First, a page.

The Texas Alcoholic Beverage Commission (TABC) offers a couple of different options for restaurants wanting a Texas liquor license or permit. However, all options available are considered “on-premise” permits, meaning you intend to sell alcohol directly to the consumer which will be consumed on the premises.
Before you can choose the best TABC permit for your location, you first need to confirm what types of liquor licenses or permits are available at your specific location. Cities, counties, and even precincts have the ability to hold local elections to restrict the types of permits allowed — and many have. An area in which liquor licenses are prohibited is often referred to as a “dry area.” Look for more information on dry areas in an upcoming blog.
Assuming you are in a “wet area” for all Texas liquor licenses and permits, your next step is deciding what types of alcohol you would like to serve to your customers. This will help you identify which of the on-premise retail liquor licenses or permits is best for your location: the Mixed Beverage Permit, the Wine and Beer Retailer’s Permit, or the Beer Retail Dealer’s On-Premise Permit.
Mixed Beverage Permit
A Mixed Beverage Permit (MB) is the only permit that allows you to sell all legal alcoholic beverages, including beer, wine, and distilled spirits, for on-premise consumption. If you intend to have a full bar, this is the permit that you need. It is the most expensive permit to hold as an on-premise retailer — the state fees for the initial permit total $6,602. The good news is that those fees reduce over time:
3rd and all Subsequent
Note, however, that certain violations associated with the permit could result in a reset of these fee reductions.
One unique requirement of this permit is that Mixed Beverage Permit holders must purchase all distilled spirits from a company that holds both the Package Store and Local Distributor’s Permits.
Another important requirement is that alcohol sold must be consumed on-premise. Customers are strictly prohibited from leaving the bar or restaurant with alcohol. One exception to this rule is when a customer orders a bottle of wine with their meal and does not finish it. In this instance, the customer may re-cork the wine and leave with the bottle. There are also some exceptions for Mixed Beverage Permit holders who also hold a Brewpub License and brew malt liquor, ale, or beer for off-premise consumption.
Wine and Beer Retailer’s Permit
The Wine and Beer Retailer’s Permit (BG) is a little bit different as it allows on-premise and off-premise consumption. The BG allows you to sell beer, wine, and malt liquors containing alcohol in excess of 0.5% by volume — but not more than 17% by volume — for on- or off-premise consumption. Also, for on-premise consumption only, you may sell traditional port or sherry containing alcohol in excess of 0.5% by volume but not more than 24% by volume.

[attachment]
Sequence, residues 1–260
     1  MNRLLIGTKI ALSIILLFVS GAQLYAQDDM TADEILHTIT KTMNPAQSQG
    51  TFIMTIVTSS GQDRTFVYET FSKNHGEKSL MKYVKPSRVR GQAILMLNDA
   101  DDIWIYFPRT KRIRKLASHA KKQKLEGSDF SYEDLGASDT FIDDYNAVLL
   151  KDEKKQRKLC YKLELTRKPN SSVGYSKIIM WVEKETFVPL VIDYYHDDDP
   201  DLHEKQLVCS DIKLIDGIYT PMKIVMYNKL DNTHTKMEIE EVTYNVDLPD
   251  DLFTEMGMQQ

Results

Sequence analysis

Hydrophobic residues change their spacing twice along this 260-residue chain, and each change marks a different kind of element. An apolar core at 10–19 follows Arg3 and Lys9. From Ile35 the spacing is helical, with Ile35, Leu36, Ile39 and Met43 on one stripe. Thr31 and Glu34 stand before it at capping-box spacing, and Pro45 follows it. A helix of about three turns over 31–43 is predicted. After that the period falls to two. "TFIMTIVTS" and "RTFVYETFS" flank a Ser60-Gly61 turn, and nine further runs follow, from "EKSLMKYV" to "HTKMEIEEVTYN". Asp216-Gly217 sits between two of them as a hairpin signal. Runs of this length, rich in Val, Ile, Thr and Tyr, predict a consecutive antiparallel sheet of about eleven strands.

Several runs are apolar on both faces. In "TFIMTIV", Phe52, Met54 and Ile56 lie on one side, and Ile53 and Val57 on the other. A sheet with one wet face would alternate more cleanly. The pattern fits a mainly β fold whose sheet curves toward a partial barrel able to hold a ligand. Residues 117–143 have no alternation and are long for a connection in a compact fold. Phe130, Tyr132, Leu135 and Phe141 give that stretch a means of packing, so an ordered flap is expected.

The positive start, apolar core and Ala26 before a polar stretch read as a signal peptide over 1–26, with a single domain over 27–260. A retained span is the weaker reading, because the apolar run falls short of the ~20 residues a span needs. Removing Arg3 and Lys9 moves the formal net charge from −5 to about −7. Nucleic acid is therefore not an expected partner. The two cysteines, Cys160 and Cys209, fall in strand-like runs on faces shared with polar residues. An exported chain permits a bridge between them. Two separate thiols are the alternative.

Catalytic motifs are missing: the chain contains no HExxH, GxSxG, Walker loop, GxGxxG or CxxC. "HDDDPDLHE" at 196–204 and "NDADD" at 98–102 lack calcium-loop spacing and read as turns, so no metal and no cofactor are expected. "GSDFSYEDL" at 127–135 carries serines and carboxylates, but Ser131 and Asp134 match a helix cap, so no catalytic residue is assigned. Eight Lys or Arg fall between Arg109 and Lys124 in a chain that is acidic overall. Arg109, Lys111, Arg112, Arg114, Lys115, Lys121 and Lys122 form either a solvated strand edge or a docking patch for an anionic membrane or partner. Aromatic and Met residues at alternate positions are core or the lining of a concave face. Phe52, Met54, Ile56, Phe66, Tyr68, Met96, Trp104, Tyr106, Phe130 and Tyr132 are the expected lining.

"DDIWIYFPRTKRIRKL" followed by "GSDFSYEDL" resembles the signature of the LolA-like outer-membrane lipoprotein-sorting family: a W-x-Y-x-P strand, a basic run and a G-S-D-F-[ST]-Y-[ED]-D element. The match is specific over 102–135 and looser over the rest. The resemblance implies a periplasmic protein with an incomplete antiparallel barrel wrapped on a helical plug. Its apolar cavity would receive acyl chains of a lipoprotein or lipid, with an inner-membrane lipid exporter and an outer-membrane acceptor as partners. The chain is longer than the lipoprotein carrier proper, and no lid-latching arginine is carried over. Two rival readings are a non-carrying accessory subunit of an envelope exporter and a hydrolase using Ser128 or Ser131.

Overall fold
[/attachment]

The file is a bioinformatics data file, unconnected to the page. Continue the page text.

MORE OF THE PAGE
The fees for the Wine and Beer Retailer’s Permit vary depending on which county your business is located. If you are in Bexar, Dallas, Harris, or Tarrant County, the fees are $2,553. If you are not in one of those counties, the fees are $903.
Note that with this permit you cannot restrict consumption to being off-premise. The Alcoholic Beverage Code specifically requires that the holder of a Wine and Beer Retailer’s Permit provide a seating area where customers can consume alcohol on-premise if they so desire.
Though the holder of a Wine and Beer Retailer is not authorized to purchase and sell distilled spirits, it may choose to allow customers to BYOB distilled spirits.
Finally, all permits that authorize the on-premise consumption of alcohol generally must hold a Conduct Surety Bond. The Wine and Beer Retailer’s Permit holder must additionally maintain a Performance Bond.
Beer Retail Dealer’s On-Premise License
The final option, the Beer Retail Dealer’s On-Premise License (BE), is similar to the Wine and Beer Retailer’s Permit as it allows on- and off-premise consumption. However, it only allows the license holder to sell beer.
The fees for this permit also vary depending on which county your business is located. If you are in Bexar, Dallas, Harris, or Tarrant County, the fees are $2,553. If you are not in one of those counties, the fees are $853.
Like the Wine and Beer Retailer’s Permit holder, the Beer Retail Dealer’s On-Premise License holder must keep a Performance Bond in addition to its Conduct Surety Bond.
There are several “secondary” permits and licenses available to these three “primary” retail liquor licenses or permits: a Food and Beverage Certificate, a Late Hours Permit, a Caterer’s Permit, a Beverage Cartage Permit, a Brewpub License, and a Private Carrier’s Permit. The TABC offers a description of each of these on its website here.
Each of these secondary permits offers additional benefits to the liquor license or permit holder, but these permits can also tack on additional requirements. For example, the holder of a Food and Beverage Certificate is exempt from the bond requirements described above, but also must meet certain requirements regarding food service. Stay tuned to our blog for a more in-depth description of these secondary permits.
Which Permit Do You Need?
Not sure what type of Texas liquor license or permit your establishment needs? Download our Permit Summary for a quick reference guide of all the licenses available in Texas to retail establishments, or set up a time for a free 15-minute consultation.